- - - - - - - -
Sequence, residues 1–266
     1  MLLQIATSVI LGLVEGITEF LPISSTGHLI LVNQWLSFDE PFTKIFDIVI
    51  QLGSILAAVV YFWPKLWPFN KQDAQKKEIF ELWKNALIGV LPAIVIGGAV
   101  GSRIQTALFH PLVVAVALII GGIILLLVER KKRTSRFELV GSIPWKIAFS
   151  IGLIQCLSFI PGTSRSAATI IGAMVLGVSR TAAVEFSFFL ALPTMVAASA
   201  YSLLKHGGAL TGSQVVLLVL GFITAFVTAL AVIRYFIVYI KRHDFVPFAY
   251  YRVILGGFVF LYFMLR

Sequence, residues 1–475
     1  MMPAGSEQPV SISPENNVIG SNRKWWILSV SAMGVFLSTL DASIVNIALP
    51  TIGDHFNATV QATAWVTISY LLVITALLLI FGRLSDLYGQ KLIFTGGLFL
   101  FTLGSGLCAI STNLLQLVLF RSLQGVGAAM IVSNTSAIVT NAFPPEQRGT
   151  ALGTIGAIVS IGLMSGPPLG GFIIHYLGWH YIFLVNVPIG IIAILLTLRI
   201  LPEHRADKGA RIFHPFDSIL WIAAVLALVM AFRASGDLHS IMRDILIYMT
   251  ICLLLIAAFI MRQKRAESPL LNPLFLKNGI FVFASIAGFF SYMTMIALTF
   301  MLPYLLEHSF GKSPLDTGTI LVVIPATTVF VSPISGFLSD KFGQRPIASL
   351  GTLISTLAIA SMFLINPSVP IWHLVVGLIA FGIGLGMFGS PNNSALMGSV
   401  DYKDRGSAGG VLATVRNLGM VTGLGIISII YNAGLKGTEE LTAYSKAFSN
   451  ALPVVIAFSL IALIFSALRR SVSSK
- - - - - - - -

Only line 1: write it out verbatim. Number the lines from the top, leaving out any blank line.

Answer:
Sequence, residues 1–266